Fwiw, I've been messing about with Triumph qd rear wheel bits on-and-off for something like twenty years and this is the first I've heard of a Triumph qd hub with a detachable sprocket. Are you sure that isn't a BSA part number? Bear in mind that, when Triumph part numbers were translated to the BSA format in the early 1970's, Triumph "W" became "37", but that prefix was one used by BSA already.

If there is such a thing, it's so old and rare, if you find a usable one, I suggest you also buy a lottery ticket. smile

Perhaps more practically, the two sprockets have the same number of teeth and aiui, the bolt-on sprocket you have is a standard conical-hub one that's been machined down for the 520 chain. Would it not be simpler just to have the qd hub sprocket teeth machined similarly?

Hth.

Regards,

Re: QD rear wheel, replaceable sprocket [Re: Ducknaldo] #539914
04/26/14 3:44 am
04/26/14 3:44 am
Joined: Dec 2010
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Sunny Sussex, UK
tbird649 Offline
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That sprocket looks like 37-1499, to fit the bolt on non qd drum 37-1498. Not sure there was a qd version though.



Re: QD rear wheel, replaceable sprocket [Re: Ducknaldo] #539919
04/26/14 4:36 am
04/26/14 4:36 am
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paul67 Offline
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this is the bsa one i have it was on a A10 Spitfire with a 58T sprocket

Re: QD rear wheel, replaceable sprocket [Re: Ducknaldo] #539950
04/26/14 10:10 am
04/26/14 10:10 am
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Denmark
Ducknaldo Offline OP
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It would definitely be easier too "shave" the sprocket on the 37-1040 drum.
But I d really like like to be able to just replace the sprocket, as I have several of these sprockets lying around.

I guess I could ask a machinist of some kind to modify the 37-1040, to allow for the replaceable sprocket to be mounted.

I found a thread on triumphrat.net, mentioning the drum in question, but this guy could of course have misunderstood something.
http://www.triumphrat.net/classic-vintage-and-veteran/72396-qd-quick-detach-rear-hubs.html

("Slicktero" mention it about halfway down the page)

Edit.: The sprocket also seems harder and better quality than the original qd sprocket and Im not sure a shaved original sprocket would last very long if shaved down to around half width.

Last edited by Ducknaldo; 04/26/14 10:15 am.

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Run `em...
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1969 T120
Re: QD rear wheel, replaceable sprocket [Re: Ducknaldo] #540032
04/27/14 2:22 am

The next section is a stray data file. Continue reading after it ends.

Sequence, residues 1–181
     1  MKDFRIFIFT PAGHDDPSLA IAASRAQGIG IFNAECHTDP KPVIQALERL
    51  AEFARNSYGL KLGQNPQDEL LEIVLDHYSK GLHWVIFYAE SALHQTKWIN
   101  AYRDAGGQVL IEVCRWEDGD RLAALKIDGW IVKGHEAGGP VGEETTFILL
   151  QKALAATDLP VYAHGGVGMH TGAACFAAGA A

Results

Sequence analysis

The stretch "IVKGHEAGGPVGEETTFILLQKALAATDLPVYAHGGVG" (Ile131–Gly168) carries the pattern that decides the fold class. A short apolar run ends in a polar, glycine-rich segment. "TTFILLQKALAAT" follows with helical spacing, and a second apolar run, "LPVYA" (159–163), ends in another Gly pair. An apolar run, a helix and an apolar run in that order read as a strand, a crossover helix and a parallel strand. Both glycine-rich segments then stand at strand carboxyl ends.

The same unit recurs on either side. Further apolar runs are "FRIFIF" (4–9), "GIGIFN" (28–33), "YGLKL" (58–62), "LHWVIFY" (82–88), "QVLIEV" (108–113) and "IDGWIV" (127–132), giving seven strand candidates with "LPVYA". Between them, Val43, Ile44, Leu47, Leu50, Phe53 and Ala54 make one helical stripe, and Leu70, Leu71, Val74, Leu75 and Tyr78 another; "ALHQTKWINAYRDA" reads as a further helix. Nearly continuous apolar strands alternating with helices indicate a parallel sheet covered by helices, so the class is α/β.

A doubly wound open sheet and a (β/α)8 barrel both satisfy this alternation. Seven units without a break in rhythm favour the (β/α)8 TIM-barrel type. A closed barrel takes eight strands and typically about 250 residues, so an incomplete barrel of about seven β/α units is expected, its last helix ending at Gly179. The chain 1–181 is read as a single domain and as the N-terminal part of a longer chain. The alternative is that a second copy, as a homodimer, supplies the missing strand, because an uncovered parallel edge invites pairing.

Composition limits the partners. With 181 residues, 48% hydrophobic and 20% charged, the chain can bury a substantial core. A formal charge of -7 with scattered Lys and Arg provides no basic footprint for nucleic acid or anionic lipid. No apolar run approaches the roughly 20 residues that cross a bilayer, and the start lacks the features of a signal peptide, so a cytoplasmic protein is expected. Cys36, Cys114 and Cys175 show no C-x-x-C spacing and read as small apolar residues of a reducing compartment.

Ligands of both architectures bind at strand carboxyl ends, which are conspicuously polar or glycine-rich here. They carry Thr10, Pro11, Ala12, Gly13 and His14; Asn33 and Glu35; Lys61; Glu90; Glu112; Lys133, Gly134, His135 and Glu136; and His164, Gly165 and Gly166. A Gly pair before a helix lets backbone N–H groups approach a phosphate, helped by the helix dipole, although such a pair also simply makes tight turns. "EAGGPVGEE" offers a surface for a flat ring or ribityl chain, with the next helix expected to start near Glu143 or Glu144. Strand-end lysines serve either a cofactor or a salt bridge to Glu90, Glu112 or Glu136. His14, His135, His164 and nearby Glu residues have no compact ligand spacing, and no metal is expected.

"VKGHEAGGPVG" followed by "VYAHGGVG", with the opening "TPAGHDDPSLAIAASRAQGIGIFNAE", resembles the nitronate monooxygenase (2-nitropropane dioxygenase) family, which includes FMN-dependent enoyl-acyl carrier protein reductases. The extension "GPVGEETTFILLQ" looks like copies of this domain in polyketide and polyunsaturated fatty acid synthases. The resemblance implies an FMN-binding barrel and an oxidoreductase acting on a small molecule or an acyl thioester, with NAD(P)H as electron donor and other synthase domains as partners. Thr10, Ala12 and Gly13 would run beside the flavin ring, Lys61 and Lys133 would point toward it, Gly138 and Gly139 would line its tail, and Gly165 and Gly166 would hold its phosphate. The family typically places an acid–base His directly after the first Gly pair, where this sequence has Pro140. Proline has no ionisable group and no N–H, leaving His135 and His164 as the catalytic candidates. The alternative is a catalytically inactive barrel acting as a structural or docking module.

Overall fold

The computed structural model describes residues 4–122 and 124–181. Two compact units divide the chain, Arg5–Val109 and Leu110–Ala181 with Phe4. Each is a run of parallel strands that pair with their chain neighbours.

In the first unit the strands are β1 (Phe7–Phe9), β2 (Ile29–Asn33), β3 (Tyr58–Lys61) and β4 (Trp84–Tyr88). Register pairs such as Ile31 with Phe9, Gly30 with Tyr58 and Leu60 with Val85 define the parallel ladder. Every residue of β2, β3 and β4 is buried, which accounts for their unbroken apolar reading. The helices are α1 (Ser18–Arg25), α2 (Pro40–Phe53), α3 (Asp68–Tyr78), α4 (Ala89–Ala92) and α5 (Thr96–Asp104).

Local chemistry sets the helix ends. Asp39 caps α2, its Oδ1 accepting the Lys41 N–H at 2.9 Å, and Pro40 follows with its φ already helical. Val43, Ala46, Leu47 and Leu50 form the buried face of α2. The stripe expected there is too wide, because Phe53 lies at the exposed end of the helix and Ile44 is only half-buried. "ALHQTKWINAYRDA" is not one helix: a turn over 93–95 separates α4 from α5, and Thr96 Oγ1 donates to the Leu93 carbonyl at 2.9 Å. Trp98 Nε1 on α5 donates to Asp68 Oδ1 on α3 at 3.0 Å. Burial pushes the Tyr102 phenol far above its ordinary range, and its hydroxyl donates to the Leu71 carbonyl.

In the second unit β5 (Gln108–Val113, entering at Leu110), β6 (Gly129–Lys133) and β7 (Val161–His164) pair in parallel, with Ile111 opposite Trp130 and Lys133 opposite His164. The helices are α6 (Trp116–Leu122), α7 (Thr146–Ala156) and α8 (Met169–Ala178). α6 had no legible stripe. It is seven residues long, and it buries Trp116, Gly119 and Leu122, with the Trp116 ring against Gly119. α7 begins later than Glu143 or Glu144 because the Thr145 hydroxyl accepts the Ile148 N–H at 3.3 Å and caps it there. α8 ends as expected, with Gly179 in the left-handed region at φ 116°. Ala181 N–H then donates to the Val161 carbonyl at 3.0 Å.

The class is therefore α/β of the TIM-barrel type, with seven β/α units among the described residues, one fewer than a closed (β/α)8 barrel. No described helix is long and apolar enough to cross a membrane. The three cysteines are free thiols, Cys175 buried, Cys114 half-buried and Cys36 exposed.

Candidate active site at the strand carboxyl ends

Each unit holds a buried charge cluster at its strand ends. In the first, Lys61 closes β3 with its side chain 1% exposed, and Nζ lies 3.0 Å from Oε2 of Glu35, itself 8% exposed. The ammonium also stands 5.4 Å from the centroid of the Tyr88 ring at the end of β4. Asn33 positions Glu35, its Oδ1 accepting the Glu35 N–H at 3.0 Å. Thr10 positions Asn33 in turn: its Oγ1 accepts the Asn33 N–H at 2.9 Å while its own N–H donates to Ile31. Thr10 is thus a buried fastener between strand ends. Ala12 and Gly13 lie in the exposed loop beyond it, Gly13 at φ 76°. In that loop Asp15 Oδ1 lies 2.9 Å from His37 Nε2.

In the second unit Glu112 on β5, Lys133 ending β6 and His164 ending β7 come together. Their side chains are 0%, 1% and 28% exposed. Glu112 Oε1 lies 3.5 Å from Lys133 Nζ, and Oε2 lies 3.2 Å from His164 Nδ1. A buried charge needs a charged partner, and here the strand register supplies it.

04/27/14 2:22 am
Joined: Jun 2002
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Stuart Offline
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Hi John,

Originally Posted By: Ducknaldo
I could ask a machinist of some kind to modify the 37-1040,

But, unless you found someone familiar with what you want to do, you'd have to come up with the mounting arrangement that you want:-

. Risking telling you something you know already, it isn't a matter of turning the teeth off the drum and boring eight holes to match the sprocket; that would put the sprocket out of line. frown Afaict, the teeth have to be machined off the drum, then what remains must either match the i.d. of the sprocket or it must be machined too; then you've got to work out a way of fastening the sprocket edge-on to the drum.

. I'm not saying it can't be done, but I reckon you need someone more than just "a machinist of some kind".

. Years ago, I remember reading that qd drums were modified for different numbers of teeth; trouble is, it's so long ago I can't remember how it was done. frown Perhaps look around the www for a forum that deals with classic motocross and/or trials and see if anyone's still using and modifying Triumph qd drums?

Originally Posted By: Ducknaldo
The sprocket also seems harder

Which isn't going to help any machinist. frown

Have you considered a standard 3/8"-width chain and lubricating it with something like a Scottoiler? whistle grin

Hth.

Regards,

Re: QD rear wheel, replaceable sprocket [Re: Stuart] #540033
04/27/14 3:29 am
04/27/14 3:29 am
Joined: Dec 2007
Posts: 468
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Ducknaldo Offline OP
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Hehe

I do use a Scott Oiler, but would like to ditch it:)

Now.
Im not a machinist, but I reckon, that the modification wouldnt be that hard for a well trained machinist.